Strategies

For each target group and contributing factor there may be more than one intervention or strategy. These strategies can address users, infrastructure or vehicles or some combination of these factors. A range of strategies is recommended to address road safety issues. These strategies are in keeping with the objective of broadening the successor to RSV 2010 to incorporate safer systems concepts.

In many cases, the effectiveness of some program elements can be short-lived without a simultaneous and sustained application of other elements (e.g.: enforcement efforts working in concert with communication and awareness). The strategies are defined as follows:

Education/training:

Includes activities that provide knowledge and/or test the capacity of a person to demonstrate appropriate behaviour with respect to road safety.

Communication and awareness:

Includes all activities that contribute to increased knowledge of key road safety issues (e.g.: regarding risks associated with drinking and driving and non-use of restraints) by the general public that may lead to safer road user behaviour.

Enforcement:

Includes activities that facilitate the delivery of enforcement strategies by police services (e.g.: knowledge sharing, legislative and policy initiatives, resources).

Information/data/research:

Includes capturing and compiling more complete, uniform and timely data (crash, trauma, exposure) to expedite the identification of emerging crash/victim trends/issues, or for the development of new or revised motor vehicle safety regulations. It also includes the use of all available mechanisms to monitor road user behaviour (e.g.: surveys, questionnaires or electronic devices to monitor restraint use, vehicle speeds); to identify road infrastructure deficiencies or to evaluate the effectiveness of vehicle safety technologies (analyzing crashes involving vehicles equipped with advanced safety features (e.g.: Electronic Stability Control (ESC)).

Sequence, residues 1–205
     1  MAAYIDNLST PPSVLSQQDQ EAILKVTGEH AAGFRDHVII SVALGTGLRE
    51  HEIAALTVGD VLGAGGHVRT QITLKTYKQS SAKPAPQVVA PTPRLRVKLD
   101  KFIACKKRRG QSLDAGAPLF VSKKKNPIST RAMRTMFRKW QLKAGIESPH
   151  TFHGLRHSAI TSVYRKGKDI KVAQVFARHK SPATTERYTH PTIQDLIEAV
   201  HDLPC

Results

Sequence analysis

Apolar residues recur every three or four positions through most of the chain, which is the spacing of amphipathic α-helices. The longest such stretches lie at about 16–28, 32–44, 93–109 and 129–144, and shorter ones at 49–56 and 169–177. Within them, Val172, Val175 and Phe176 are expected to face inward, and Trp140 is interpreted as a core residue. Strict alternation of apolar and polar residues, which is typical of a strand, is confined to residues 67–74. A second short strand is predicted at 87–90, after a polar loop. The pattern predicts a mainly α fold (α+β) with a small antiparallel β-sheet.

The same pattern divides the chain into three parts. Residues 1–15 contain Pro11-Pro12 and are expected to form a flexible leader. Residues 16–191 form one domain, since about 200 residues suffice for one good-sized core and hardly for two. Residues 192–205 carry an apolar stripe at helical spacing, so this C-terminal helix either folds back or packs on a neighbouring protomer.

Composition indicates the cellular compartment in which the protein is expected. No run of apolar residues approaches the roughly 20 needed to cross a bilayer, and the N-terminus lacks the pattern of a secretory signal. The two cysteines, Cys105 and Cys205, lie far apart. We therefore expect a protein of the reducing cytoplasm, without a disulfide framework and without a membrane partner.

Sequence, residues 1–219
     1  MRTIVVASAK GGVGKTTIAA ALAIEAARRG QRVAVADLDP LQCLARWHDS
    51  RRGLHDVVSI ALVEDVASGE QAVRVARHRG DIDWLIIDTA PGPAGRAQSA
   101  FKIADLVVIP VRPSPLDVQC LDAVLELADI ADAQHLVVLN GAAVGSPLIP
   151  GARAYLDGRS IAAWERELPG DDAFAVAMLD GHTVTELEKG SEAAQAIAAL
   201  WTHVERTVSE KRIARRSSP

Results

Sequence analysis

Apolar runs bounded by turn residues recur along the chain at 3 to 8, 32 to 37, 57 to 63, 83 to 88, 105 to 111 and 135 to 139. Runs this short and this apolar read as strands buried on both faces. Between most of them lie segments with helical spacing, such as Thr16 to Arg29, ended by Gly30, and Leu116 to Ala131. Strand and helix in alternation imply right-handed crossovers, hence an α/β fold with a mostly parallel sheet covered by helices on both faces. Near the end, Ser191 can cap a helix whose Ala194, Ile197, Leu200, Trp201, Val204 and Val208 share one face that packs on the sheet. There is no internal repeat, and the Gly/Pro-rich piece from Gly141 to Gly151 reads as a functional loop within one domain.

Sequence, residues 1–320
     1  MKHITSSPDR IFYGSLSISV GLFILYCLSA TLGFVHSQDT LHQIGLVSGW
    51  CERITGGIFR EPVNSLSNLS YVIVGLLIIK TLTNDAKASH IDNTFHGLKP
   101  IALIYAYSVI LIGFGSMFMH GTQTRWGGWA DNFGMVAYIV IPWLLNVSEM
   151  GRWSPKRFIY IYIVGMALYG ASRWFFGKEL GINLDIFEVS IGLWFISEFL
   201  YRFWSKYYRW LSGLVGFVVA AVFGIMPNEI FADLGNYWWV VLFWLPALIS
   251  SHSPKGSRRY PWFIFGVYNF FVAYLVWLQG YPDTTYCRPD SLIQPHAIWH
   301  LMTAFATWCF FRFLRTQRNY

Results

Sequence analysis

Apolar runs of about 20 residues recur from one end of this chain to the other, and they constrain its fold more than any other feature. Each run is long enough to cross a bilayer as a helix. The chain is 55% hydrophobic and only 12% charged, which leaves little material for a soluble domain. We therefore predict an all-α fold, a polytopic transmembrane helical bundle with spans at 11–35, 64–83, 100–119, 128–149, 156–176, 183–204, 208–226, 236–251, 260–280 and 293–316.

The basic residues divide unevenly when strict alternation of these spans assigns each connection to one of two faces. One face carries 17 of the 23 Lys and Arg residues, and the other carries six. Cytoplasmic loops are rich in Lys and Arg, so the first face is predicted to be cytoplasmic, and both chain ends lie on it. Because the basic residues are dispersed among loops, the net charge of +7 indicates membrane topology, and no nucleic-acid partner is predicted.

Policy/legislation/regulation:

Includes provincial/territorial/federal regulations/legislation introduced to improve road user behaviour (e.g.: sanctions for excess speeding, etc.), make roads safer (e.g.: requirements for road safety audits for all new road infrastructure, etc.) or safer vehicles (e.g.: improved crash avoidance technologies) and all policies introduced by these agencies to facilitate and expedite their introduction.

Technologies:

Includes technologies aimed at helping drivers to avoid collisions (e.g.: electronic stability control, intelligent speed adaptation) or making vehicles safer in the event of crash involvement (side curtain airbags); improving driver behaviour (e.g.: fitment of ignition or seatbelt interlocks in vehicles); and making roads safer, weather travel advisory systems or automated enforcement technologies).

Road infrastructure:

Includes initiatives that strengthen the infrastructure element in road safety (e.g.: road and roadside, intersections, signage), summer and winter maintenance practices, and traffic management within work zones.